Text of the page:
The thing that I enjoy most is my connection to the public, to the community; my interaction with the construction industry and key stakeholders; and ultimately, when you’re doing something that is worth billions of dollars, you’re really under the spotlight. You’ve really got to be the best leader you can be, drive the culture, and make sure that everybody is heading in the same direction. A key thing that I have learned from this job, and over the last five years, is that when you’re doing something in the public arena, if you get something wrong, you’ll get caught out pretty quickly.
A lot of my focus has been making sure that my team—how they interact with the community, with the constructors, with government—are good people doing the right thing and have a positive culture. And we’re working together, so collaboration has been a key driver in the success of the job.
Focusing on people has been a big priority. To make this job work I knew we needed people with different skills and experience, from both the public and private sectors. In fact, integrating the public sector and the private sector was a challenge in itself. But from the outset, right across the organisation, I made sure we had the right people, who shared our vision and knew what we had to do to deliver it. As a leader, you need to make sure standards are understood and adhered to. We’re not quite finished yet, but we’re getting there. Major projects have a history of having problems during delivery. The thing for me is that we’ve got through five years in a way that I’m proud of, so once we get finished, that will be great.
Health and safety have been a huge focus for me. When you have more than 3,000 people working on a job, the wellbeing of the workforce and the public is really important. For me personally, that has been a key challenge to keep my eye on my ultimate responsibility, which includes the wellbeing of the community and the workforce.
Why do you believe community support and involvement is paramount in a project like this?
If you don’t get the community behind you, you can’t drive success, so you’ve got to be really clear in your communication about the benefits of the project, you’ve got to be really clear with the community about what you need to achieve, and when and why you’re working close to their homes and businesses. We had to do extensive rail closures for periods of time that had not been done in this state before.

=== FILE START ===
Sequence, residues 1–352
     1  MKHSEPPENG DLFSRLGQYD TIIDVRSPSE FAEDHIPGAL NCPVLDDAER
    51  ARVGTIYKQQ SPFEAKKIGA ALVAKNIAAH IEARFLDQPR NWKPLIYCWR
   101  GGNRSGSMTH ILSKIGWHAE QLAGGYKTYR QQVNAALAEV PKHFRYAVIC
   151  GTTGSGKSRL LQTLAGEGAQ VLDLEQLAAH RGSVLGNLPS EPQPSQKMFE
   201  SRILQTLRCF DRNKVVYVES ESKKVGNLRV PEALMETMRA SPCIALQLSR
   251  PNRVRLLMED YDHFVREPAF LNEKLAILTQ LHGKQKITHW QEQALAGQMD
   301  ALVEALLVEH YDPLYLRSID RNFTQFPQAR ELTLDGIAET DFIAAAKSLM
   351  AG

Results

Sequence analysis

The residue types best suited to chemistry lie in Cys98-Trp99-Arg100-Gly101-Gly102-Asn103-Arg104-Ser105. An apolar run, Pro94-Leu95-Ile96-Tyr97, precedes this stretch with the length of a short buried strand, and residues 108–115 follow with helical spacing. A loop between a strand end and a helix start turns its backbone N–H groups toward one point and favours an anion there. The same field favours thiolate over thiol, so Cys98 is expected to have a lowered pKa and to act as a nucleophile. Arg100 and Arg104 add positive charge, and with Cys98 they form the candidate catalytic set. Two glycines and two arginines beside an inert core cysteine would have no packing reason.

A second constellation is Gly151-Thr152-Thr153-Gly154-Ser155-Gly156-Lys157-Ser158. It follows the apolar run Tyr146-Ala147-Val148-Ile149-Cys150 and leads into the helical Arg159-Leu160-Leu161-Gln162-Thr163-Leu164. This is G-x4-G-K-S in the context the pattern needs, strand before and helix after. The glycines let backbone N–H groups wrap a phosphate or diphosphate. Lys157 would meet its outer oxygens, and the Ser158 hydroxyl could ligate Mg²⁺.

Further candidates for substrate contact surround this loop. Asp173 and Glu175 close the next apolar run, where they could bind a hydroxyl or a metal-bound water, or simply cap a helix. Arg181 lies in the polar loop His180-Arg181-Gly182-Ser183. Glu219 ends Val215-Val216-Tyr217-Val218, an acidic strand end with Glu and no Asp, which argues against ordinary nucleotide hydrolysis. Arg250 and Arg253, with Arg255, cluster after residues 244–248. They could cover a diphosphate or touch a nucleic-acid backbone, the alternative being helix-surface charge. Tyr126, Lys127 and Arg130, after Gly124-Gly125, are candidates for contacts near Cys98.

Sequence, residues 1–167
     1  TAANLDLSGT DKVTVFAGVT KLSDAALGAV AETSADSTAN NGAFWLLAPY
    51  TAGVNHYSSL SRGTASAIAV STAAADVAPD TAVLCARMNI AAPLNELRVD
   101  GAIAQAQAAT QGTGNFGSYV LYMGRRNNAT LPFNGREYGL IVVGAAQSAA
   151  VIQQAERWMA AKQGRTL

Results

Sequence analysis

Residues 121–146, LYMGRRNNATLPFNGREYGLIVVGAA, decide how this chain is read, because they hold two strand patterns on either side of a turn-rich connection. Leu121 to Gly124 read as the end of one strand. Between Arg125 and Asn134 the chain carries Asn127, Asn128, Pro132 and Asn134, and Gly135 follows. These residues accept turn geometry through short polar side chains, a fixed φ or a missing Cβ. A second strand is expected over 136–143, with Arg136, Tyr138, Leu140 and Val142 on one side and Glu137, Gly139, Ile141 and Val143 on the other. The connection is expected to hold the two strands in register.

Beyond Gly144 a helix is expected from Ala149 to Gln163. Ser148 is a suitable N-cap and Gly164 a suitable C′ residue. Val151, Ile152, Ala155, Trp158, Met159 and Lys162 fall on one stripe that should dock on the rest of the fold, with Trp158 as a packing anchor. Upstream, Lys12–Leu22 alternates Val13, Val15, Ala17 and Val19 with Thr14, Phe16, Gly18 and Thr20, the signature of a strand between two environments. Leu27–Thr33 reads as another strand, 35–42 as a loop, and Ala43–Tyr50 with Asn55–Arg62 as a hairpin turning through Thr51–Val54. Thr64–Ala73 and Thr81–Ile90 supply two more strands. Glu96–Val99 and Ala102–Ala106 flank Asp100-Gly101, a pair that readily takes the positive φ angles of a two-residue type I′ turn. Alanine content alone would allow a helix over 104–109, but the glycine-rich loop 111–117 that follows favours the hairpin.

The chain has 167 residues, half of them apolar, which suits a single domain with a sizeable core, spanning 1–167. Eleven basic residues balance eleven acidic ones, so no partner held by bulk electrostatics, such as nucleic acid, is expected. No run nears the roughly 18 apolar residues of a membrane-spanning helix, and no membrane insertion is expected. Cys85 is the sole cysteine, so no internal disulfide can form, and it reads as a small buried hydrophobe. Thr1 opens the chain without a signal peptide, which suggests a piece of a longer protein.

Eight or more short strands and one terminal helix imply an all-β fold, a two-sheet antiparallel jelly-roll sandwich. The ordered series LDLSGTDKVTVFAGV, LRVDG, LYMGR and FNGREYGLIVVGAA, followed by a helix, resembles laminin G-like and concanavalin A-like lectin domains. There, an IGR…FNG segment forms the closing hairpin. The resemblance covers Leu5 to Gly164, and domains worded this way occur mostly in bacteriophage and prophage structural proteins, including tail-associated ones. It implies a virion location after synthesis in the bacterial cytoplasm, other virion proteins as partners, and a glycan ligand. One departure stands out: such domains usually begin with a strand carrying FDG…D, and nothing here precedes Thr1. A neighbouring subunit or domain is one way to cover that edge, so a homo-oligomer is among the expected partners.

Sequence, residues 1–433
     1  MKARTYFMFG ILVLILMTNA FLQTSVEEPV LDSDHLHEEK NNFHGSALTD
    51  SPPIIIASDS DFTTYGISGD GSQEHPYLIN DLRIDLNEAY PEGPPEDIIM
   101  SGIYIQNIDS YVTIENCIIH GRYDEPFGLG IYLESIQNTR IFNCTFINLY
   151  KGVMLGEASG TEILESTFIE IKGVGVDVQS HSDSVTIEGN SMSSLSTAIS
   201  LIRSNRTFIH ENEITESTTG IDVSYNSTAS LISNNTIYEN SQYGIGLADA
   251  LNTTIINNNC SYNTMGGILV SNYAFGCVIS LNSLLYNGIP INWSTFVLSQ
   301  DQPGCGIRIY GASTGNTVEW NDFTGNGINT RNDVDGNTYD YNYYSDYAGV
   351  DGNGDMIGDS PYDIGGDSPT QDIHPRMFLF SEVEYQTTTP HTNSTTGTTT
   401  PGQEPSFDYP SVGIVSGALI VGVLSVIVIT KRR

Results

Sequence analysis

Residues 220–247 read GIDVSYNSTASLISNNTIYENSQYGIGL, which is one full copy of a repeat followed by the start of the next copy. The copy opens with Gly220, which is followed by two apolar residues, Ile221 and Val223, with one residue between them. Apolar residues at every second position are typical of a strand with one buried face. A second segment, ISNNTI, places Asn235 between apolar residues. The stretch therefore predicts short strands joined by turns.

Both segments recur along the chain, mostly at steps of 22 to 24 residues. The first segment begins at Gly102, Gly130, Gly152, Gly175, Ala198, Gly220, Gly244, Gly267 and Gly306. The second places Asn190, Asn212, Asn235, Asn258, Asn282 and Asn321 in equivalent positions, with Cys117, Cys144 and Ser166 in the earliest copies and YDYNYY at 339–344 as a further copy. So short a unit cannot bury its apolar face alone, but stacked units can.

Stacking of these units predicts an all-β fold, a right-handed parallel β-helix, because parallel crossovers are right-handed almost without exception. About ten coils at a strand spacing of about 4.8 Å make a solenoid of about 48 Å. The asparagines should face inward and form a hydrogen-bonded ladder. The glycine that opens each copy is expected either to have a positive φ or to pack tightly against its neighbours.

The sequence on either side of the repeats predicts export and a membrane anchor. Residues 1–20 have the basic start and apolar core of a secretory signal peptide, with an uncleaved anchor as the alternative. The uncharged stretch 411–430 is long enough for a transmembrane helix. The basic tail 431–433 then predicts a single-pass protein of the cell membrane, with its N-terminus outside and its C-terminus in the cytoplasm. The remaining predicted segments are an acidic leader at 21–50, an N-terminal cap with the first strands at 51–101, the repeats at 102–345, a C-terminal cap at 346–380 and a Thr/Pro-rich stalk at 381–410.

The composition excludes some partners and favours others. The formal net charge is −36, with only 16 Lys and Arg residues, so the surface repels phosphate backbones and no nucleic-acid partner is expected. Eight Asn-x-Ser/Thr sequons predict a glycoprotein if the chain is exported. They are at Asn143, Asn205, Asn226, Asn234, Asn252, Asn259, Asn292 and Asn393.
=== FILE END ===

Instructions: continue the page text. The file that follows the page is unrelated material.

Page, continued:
A few years ago, we went to the government and said, ‘To effectively deliver this project we need to do some extended rail closures that we haven’t done before of this size; we want to work with the community and get cracking with it’. Buses replaced trains, and we did an extensive communication program with the community. We had organisations like Flemington Rotary Club cook sausage sizzles at Flemington racecourse and we interacted with the commuters to make sure they knew about the journey to improve their network they were about to go on.
What became apparent to me early on the job is that when you add the word ‘billions’ to the cost of a project, the scrutiny you get compared to a smaller project is incredible. If you do the right thing consistently over a period of time, you’ll win over your stakeholders; if you do the wrong thing and ignore the community, it’s at your peril. We have challenges on the job where we have to work at night, on weekends and close to homes, so building relationships with homeowners, businesses, councils, and local stakeholders is super important when you’re dealing with something that is 50 kilometres long.
Whether it’s closing roads, or doing lane closures on freeways, or bus-replacement services on train lines, there is a huge interface with the community. Our key driver is making sure that the community understood the benefits of the project, so it was important that we communicated what we were doing as we went along. If you look at the Regional Rail Link website, I think we have a pretty good tool there for future projects and how we’re going to communicate, and next time we want to do things better.
With the Regional Rail Link project approaching completion and so many other projects under your watch, are you prepared for the increase in work?
I don’t see it as four times the work. For me, it’s leading something that is a good legacy for the future. We want to set up the program to really run in a similar way, to get lessons out of the project, and to do it better. I’m really now only as good as my next job, so I’m starting again a bit there. But from the point of view of the community, I think there is some good trust and some goodwill there that we need on these big projects. Like I said earlier, we need more infrastructure for the future, and the social benefit of what we do is just fantastic.